Election night brought a pleasant reversal of fortune for the counties of San Mateo and Santa Clara and the city of Half Moon Bay, each of which passed sales tax hikes after previous tax proposals were rejected by voters.
The successful measures will bring in about $60 million a year for San Mateo County and $875,000 for Half Moon Bay, a small coastal community that will now have the second-highest sales tax rate in the state. Santa Clara County's tax increase will generate about $50 million a year.
Santa Clara County's Measure A will institute a one-eighth-cent sales tax increase for 10 years. The county asked for a half-cent, 30-year increase in 2006 and was rebuffed by voters. But this year's slimmed-down proposal received 56 percent of the vote, with provisional ballots still to be counted.
Santa Clara County voters also passed a $548 million parcel tax to fund flood control, environmental cleanup and other water projects at the Santa Clara Valley Water District. Measure B received 73 percent of the vote.
San Mateo County got enthusiastic support for its own Measure A, a half-cent sales tax boost that will expire after 10 years. Voters in the June primary election narrowly approved a tax on car-rental companies in unincorporated parts of the county but shot down a hotel-tax hike and parking-lot tax in those same areas.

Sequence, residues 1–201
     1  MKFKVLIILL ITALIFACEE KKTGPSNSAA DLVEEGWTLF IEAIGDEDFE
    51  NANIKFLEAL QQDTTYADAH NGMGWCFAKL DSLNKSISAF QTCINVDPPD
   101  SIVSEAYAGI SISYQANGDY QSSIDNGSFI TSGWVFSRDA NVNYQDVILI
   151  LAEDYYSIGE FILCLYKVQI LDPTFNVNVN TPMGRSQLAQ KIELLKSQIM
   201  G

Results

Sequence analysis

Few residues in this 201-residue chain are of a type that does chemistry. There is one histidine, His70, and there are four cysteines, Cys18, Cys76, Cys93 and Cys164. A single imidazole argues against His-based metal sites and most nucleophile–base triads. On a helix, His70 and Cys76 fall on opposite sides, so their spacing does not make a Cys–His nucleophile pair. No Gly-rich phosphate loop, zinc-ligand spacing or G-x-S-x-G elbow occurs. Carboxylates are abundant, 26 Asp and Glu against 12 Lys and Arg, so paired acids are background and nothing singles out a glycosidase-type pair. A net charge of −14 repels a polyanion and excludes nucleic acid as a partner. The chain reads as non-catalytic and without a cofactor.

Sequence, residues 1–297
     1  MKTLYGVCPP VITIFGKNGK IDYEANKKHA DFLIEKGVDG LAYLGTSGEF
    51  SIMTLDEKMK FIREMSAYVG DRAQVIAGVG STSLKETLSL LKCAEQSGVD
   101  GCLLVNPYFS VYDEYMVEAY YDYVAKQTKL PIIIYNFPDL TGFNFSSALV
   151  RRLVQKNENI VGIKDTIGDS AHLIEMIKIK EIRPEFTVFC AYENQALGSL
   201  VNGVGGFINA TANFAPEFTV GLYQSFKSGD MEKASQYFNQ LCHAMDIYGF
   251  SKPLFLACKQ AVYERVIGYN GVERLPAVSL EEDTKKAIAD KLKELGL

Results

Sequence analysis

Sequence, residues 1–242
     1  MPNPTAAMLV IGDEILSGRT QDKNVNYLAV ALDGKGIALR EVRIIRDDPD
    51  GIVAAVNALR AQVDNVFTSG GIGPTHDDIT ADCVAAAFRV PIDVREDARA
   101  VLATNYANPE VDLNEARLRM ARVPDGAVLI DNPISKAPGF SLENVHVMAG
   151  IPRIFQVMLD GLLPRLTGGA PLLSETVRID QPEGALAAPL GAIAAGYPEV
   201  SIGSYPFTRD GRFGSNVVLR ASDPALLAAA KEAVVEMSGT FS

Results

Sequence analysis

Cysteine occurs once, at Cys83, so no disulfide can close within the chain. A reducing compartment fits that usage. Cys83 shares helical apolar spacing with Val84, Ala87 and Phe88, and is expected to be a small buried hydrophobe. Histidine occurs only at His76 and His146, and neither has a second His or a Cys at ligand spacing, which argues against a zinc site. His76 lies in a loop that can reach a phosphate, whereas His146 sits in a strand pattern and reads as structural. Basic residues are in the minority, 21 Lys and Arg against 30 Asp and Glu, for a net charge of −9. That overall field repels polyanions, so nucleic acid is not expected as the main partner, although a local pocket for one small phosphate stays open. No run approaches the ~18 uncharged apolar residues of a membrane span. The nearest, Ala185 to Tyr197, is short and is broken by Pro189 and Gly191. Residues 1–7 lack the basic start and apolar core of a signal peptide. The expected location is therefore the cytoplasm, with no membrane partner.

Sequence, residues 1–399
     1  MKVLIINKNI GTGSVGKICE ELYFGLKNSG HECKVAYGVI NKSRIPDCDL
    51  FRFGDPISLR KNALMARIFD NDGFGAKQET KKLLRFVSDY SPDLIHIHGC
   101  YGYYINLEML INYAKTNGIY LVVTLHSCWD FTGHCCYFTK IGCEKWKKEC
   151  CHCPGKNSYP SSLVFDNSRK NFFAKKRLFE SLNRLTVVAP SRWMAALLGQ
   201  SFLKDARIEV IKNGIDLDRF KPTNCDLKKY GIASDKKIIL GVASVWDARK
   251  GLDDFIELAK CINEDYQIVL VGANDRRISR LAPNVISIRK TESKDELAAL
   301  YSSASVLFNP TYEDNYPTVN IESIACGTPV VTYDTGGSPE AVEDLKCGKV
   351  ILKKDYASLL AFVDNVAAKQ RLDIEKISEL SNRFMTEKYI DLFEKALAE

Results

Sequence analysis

Supervisor Dave Pine said Measure A benefitted from sharing the November ballot with a presidential general
More than 80 percent of that money came from Seton Medical Center and its parent organization, Daughters of Charity Health System. The Daly City hospital could receive an estimated quarter of the money generated by the tax increase. County leaders claim the hospital serves 40 percent of the county's Medi-Cal recipients.
"Seton is a very important part of our health care plan for lower-income folks," said Supervisor Don Horsley.
With the passage of Measure A, the county's sales tax will amount to 8.75 cents per dollar, among the highest rates for California counties. That figure will jump to 9 cents because Gov. Jerry Brown's Proposition 30 also was blessed by voters.
Visitors and residents who spend money in Half Moon Bay will see even greater sums on their sales receipts. The town's rate of 9.5 cents on the dollar, including a quarter-cent boost courtesy of Proposition 30, will be tied with Union City and several other communities for second-highest among California cities, trailing only the rate of 10 cents in three cities in Los Angeles County, according to state Board of Equalization numbers.
Half Moon Bay Mayor Allan Alifano said the key to the passage of Measure J was lack of opposition from downtown business owners. City leaders reached an understanding with merchants after they revolted against a plan to install paid parking on Main Street.
"While the business owners weren't jumping up and down," Alifano said, "they weren't opposing it."
It was a different story in 2010, when the business community led the opposition to Measure K, which would have increased the sales tax a full cent for 10 years. Measure J will expire after just three years.
Meanwhile, citizens responded to the county's plea for money to fix the city's aging roads. The local economy has improved, Alifano added, and the city has made tough decisions to improve its budget.
"My personal feeling," the mayor said, "is I think the community is feeling a little better about the direction the city is heading in."
Staff writer Joshua Melvin contributed to this report. Contact Aaron Kinney at 650-348-4357. Follow him at Twitter.com/kinneytimes.